Program allows citizens to become "virtual deputies" patrolling the U.S.-Mexico border
The next time you find yourself with
nothing to do, why not go online
and help fight border crime? The
Texas Border Sheriff's Coalition, in collaboration
with BlueServo, has deployed
Virtual BorderWatch, a real-time surveillance
program that allows the public to
keep an eye on the U.S.-Mexico border
from their home computers.
Virtual BorderWatch is a free service
that is accessed by creating an account
at www.blueservo.net. Users with high-speed
Internet can log in and monitor
up to 15 day/night surveillance cameras,
strategically placed in high-threat and
inaccessible areas along the 1,250-mile
border. The cameras provide real-time
streaming video whereby citizens can
monitor and anonymously report suspicious
activity to law enforcement agents
via e-mail. Each camera's view includes
a caption that describes the area under
surveillance. For example, camera 1
watches an area known for illegal drug
activity and instructs, "If you see people
crossing the water in this area, please report
activity." Camera 2's caption reads,
"During the day, if you see four or five
young men in a boat, report this activity.
At night, if you see vehicle, boat and/or
people movement, report this activity."
Under the video, there are buttons for
viewers to make a comment, ask a question
and report suspicious activity.
Citizens also can connect their own
Web cameras to create local Virtual
Neighborhood Watches to protect their
own homes and neighborhoods. The site
has received 20 million hits and boasts
more than 43,000 registered users since it
launched on Nov. 20, 2008.
Law and Order
The initiative is designed to counter illegal
immigration, drug and human smuggling,
and border violence. The numbers
and locations of these cameras are confi-
dential, but most are discreetly mounted
on structures on private properties. The
number of cameras employed and their
locations are routinely assessed and constantly
changed based on threat.
The program is managed by the Texas
Border Sheriff 's Coalition, an association
of 20 sheriffs from various border counties,
who are responsible for responding
to reports, conducting all investigations
and taking appropriate actions.
"This initiative advances the concept
of a neighborhood watch by leveraging
the latest surveillance technology to
create a 'virtual' neighborhood watch
program," said Arvin West, Hudspeth
County sheriff and first vice president of
the TBSC. "By putting more eyes on the
Texas-Mexico border, law enforcement
can better protect our state from powerful
and ruthless Mexican crime cartels and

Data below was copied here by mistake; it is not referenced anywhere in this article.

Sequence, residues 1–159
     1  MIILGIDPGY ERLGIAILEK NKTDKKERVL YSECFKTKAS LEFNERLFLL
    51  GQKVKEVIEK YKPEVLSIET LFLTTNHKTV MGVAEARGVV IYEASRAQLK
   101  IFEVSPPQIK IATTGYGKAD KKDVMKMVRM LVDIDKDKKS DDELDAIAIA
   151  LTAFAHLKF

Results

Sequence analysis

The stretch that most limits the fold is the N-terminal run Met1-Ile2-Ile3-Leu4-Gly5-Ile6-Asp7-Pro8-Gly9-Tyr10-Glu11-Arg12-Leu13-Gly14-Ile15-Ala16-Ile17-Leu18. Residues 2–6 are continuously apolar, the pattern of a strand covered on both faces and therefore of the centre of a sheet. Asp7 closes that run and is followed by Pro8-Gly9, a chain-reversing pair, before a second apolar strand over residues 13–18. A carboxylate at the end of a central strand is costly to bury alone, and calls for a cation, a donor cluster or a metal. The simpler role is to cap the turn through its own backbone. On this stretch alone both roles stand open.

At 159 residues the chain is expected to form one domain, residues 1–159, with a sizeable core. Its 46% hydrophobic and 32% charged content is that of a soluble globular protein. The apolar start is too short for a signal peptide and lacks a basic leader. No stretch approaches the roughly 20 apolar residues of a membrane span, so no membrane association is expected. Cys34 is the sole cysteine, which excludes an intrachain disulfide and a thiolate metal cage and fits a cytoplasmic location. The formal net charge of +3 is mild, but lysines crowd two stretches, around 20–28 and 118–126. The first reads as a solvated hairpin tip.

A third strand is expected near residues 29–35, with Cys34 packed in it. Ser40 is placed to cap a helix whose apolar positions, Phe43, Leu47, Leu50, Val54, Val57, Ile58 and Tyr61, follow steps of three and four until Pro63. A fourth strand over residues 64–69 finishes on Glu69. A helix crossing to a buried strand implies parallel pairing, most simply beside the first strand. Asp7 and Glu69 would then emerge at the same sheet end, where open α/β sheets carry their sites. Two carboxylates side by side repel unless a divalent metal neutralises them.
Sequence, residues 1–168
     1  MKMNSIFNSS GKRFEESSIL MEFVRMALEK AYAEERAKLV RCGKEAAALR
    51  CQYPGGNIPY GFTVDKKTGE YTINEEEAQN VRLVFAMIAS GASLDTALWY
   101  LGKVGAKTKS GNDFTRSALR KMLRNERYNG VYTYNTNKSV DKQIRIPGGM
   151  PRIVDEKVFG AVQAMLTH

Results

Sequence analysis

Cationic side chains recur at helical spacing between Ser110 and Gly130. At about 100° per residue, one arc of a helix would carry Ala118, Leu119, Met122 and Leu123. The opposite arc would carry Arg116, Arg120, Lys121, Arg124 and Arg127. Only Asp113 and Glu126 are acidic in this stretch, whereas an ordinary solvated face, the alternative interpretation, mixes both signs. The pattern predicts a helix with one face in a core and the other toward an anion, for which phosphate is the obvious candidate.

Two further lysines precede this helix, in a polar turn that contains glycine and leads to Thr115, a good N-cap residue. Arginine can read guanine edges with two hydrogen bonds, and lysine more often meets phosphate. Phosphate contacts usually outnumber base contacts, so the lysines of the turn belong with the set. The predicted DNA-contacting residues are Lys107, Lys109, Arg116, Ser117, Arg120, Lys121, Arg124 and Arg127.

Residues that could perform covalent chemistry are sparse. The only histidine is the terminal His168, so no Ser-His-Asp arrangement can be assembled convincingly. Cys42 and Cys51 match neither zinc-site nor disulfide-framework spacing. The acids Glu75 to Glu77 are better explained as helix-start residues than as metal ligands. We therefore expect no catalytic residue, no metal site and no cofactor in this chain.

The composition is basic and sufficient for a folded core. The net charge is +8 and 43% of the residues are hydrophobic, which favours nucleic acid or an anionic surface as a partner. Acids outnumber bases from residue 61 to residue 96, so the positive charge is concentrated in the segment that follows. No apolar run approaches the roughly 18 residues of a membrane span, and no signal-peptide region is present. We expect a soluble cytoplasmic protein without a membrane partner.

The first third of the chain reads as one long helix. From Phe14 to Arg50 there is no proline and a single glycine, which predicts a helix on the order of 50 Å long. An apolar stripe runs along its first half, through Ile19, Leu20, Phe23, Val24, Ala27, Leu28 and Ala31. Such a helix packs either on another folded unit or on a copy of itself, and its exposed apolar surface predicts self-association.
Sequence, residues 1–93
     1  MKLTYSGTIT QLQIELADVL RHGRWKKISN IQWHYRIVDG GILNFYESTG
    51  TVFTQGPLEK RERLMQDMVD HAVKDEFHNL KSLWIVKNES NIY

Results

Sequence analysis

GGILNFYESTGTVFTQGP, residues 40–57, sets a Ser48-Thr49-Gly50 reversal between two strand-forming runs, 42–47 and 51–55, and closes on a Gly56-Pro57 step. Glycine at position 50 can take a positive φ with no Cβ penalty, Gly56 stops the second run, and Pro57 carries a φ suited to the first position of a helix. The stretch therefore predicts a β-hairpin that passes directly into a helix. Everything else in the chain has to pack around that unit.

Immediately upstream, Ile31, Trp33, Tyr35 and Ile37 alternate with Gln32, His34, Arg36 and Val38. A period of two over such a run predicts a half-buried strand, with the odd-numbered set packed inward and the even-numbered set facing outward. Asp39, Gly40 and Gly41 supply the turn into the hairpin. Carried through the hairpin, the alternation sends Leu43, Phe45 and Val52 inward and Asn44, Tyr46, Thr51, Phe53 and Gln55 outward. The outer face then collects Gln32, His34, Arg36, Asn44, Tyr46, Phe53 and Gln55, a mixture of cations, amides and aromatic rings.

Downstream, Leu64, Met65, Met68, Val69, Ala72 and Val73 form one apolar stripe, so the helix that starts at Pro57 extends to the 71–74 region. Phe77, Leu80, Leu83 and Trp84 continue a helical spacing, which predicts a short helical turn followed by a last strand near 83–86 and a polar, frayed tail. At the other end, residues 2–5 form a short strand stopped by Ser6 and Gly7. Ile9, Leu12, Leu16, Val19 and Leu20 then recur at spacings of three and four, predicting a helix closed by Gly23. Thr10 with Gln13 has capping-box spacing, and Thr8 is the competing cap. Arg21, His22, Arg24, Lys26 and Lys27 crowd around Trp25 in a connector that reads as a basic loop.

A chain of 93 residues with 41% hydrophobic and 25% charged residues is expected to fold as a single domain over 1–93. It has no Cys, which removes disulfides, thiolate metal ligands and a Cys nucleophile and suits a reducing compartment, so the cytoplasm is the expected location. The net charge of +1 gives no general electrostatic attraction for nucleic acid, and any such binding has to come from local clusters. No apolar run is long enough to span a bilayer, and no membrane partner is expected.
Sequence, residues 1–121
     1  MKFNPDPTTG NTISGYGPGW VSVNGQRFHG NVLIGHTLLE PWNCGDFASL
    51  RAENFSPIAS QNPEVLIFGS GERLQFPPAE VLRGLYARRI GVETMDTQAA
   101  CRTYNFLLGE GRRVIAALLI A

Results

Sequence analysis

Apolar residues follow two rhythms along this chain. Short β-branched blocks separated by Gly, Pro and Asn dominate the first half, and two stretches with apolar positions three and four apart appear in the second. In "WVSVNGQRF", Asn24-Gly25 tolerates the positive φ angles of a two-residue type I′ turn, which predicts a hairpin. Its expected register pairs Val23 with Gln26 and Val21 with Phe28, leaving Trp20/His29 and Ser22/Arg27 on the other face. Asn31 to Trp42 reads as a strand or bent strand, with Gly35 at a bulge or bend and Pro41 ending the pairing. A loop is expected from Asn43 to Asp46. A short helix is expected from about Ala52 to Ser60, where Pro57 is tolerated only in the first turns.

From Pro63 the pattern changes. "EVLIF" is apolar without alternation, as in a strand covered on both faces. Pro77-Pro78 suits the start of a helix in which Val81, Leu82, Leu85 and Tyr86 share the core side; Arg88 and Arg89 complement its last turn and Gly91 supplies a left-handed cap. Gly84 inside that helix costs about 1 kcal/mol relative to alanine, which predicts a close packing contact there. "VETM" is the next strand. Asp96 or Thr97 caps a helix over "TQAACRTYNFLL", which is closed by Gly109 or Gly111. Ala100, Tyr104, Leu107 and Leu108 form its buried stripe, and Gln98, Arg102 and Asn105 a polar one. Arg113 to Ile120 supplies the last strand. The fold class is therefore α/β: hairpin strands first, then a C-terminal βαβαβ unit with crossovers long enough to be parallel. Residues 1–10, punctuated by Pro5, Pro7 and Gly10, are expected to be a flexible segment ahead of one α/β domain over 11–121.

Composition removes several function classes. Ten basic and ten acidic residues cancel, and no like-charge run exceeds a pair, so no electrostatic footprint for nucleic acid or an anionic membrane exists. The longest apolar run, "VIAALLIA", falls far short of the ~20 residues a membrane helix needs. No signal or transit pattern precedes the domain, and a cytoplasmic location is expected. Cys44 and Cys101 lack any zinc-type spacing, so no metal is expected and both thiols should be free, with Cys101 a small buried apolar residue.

violent transnational gangs."
Gov. Perry has provided $2 million
in Criminal Justice grant funds for this
"Leveraging advanced technology
is a key part of our state-led approach
to making our border stronger and our
nation safer, and I am pleased with and
will continue to support the Texas Border
Sheriff's Coalition commitment to seeing
this virtual border watch concept fully
realized," Perry said in a press release.
"Under this innovative program and the
watchful eye of law enforcement and citizens,
those criminals, predators and terrorists
looking to exploit our border with
Mexico or do harm in our communities
will lose their greatest strategic asset: the
cloak of secrecy."
National Security Threat
With the drug-war situation in Mexico
deteriorating, the use of this technology
is even more crucial as drug-related violence
crosses from Juárez, Mexico, into
border cities such as El Paso, Texas.
In a report released on Dec. 28, 2008,
Gen. Barry McCaffrey warned that refugees
fleeing Mexico could negatively impact
these border cities. "Mexico is on the
edge of abyss," he said. "It could become
a narco-state in the coming decade,"
which would result in a "surge of millions
of refugees crossing the U.S. border to
escape the domestic misery of violence,
failed economic policy, poverty, hunger,
joblessness, and the mindless cruelty and
injustice of a criminal state."
The Good, The Bad and The Plucky
Critics say the program is ineffective
as it has resulted in only four arrests so far.
Some say the program promotes vigilantism,
believing the job of border
security should be handled solely by
To date, there have been no reports
of vigilante groups using the Web site
to take matters into their own hands, and
the four arrests involved the trafficking of
2,000 pounds of marijuana.
Proponents of the program say the
cameras help deter crime as thousands of
Virtual Texas Deputies™ from anywhere
in the world can be watching the border at
any given time.
The ultimate goal of the program is to
cover every stretch of the border that isn't
protected by a fence.
This article originally appeared in the June 2009 issue of Security Today.